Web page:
Friday, March 03, 2006

More on Representative Choi

Earlier, I posted about South-eastern Gangwon's federal representative being in trouble for grabbing a reporter's breasts. The case is ongoing and a little strange. I have learned that I am not really don't care about political issues but this one, at least peripherally, impacts Gangwondo so I feel I can discuss it.

From the article:
Rep. Choi Yeon-hee, who is being criticized for sexually harassing a female reporter during a drinking bout last Friday, has not resigned from his parliamentary seat despite strong demands for him to step down. ... But the prosecutor-turned-lawmaker elected in Kangwon Province has not yet expressed his intention to resign. Rep. Huh Tae-yeol, who was appointed the GNP's new secretary general in replacement of Choi, told a radio interview that Choi seemed to be in a ``state of panic"and was mulling over his next steps.

This actually seems fair. If it becomes a legal matter, that's a different story, but at present, it is only the story of a drunk. It seems to be an important situation for Choi but it really is not a national issue.

But some lawmakers added fuel to the growing public anger by seemingly defending Choi. Rep. Hahn Kwang-won of the ruling Uri Party faced strong backlash when he wrote on his website that the GNP lawmaker is being denounced unilaterally without being given a chance to explain himself. ``It is natural that everyone who sees a beautiful flower is tempted to enjoy its smell and touch it", he wrote.

Gee, maybe it should be a national issue if this is the style of defense. There are pretty girls everywhere; well, perhaps someone should find Hahn's wife or daughters, if any, and enjoy their smell and feel. According to his own turn-of-phrase, he may even be able to think of such attention to his wife as a compliment, "They think my wife is a beautiful flower".
I may need to backtrack here and eat my words a little: of course the above is meant to be taken as sarcasm; stay away from Hahn's family. He may even simply be an unfortunate man in the difficult position of having to defecolleaguelegue as best he can. Still, a wiser choice of words is surely indicated. My last word on this subject: is it possible that we are seeing a bad translation?

... Rep. Chung Eui-hwa, a GNP lawmaker, also faced criticism when he argued that Choi is a ``scapegoat of uncivil drinking culture", and it is not appropriate to ``kill a great person with a kangaroo court."

I agree; this is not a national problem. Voters can show their opinion in the next election and a real court can take steps if the reporter chooses that option.

My only fear or concern is that the reporter might be gagged by her own newspaper leadership to keep lines open with politicians. If the politicians want to keep this a small, personal sort of matter, they should abstain from any meddling with the newspaper's executive.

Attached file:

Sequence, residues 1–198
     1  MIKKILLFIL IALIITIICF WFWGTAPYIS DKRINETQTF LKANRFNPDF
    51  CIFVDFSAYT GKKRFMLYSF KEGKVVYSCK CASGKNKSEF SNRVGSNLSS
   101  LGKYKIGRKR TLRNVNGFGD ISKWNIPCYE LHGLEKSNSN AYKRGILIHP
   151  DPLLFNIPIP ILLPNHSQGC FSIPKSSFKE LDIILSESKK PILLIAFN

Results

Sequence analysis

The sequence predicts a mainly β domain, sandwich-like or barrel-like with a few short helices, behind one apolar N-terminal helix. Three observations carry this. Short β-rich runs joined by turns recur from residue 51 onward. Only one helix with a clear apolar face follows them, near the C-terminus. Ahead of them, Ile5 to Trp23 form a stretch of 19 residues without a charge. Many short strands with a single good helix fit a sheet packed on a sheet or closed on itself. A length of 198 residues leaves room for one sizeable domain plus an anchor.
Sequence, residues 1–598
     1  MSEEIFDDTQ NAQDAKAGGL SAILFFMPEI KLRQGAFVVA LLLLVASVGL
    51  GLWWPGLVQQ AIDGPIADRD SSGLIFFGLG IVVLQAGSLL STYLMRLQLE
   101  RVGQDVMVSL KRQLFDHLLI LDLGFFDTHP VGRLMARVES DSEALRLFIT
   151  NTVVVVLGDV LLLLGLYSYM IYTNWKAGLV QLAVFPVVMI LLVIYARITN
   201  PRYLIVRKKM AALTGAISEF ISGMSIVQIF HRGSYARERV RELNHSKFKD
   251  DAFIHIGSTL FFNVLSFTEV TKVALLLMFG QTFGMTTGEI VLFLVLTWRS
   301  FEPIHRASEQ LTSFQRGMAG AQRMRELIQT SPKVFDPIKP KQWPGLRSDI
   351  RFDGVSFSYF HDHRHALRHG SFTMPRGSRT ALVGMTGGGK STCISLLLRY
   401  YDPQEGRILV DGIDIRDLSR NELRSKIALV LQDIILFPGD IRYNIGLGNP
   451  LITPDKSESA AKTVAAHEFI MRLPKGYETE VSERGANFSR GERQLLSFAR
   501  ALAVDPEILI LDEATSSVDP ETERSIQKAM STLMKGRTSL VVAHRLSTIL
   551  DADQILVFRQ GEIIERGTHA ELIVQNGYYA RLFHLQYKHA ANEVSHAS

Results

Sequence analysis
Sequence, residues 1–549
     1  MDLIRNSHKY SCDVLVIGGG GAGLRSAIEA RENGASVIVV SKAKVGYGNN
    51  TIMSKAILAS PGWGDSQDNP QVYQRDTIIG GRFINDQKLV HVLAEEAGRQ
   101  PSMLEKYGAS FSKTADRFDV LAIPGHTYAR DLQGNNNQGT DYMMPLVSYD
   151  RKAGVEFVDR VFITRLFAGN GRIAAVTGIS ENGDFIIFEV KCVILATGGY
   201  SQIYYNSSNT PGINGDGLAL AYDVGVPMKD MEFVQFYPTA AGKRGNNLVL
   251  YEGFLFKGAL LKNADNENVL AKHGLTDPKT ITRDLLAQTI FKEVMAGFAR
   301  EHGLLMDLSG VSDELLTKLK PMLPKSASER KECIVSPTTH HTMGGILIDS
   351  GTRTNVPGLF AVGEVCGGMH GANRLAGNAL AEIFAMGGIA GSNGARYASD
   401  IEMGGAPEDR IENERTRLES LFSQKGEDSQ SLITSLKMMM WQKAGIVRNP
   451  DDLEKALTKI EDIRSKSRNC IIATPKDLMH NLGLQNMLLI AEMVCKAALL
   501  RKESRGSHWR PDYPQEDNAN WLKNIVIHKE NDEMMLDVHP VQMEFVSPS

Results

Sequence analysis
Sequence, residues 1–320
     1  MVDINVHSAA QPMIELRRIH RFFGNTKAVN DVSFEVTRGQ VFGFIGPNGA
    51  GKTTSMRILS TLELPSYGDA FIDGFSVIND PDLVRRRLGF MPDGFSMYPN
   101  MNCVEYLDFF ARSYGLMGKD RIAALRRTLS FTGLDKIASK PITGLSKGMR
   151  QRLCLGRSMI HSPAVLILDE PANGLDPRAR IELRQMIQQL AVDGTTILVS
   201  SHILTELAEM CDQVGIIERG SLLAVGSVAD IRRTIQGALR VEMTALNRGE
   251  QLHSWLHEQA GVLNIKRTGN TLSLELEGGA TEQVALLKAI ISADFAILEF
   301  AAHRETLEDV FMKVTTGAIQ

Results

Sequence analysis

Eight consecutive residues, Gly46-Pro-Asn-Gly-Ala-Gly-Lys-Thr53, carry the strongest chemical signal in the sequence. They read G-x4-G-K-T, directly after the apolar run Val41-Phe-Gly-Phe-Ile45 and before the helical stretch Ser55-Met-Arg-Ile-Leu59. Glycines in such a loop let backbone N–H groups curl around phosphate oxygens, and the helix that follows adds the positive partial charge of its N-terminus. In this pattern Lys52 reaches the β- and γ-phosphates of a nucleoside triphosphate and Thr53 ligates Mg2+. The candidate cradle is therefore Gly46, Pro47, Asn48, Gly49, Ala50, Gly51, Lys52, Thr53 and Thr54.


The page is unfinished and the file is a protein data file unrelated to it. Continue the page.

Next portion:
Basically, I am done with Mr Choi. So is the article. It goes on to discuss another government official; the unluckiest golfer in the world.

Meanwhile, the GNP tried to deflect the public's anger by pointing at another scandal involving a top government official of the ruling camp. Prime Minister Lee Hae-chan is facing familiar criticism, as opposition parties launched vituperative comments after a report that Lee played a round of golf Wednesday, which marked the 87th anniversary of the March 1 Independence Movement against Japanese colonial rule. ... In April last year, Lee faced trouble as it was known that he played golf on Arbor Day, when a big fire was spreading in Kangwon Province. In July, Lee played golf on Cheju Island when torrential rain was causing damage in the nation's southern region.

It might bother me if Mr. Lee learned about the Naksan fire and then chose to play golf; but not much. I have personal knowledge of that fire (link) and there were enough people there to handle it before it went out of control - they were simply badly organized. Is the prime-minister a fireman as well?
And how dare the PM play golf when it was raining in another part of the country?

Maybe, as PM, he shouldn't have played golf during an important national holiday, but that's what holidays are for.

BTW, what does a PM do in a country without royalty? The US doesn't have a PM, does it? We Canadians do, but we also have a queen.

Finally, a little background for my mother (and maybe a few others); golf is seen as a rich man's sport and representatives shouldn't legally have enough money for the sport. If they play golf, the general perception is that they must be making secret deals or accepting bribes as well.

1 comment:

Suzanne White said...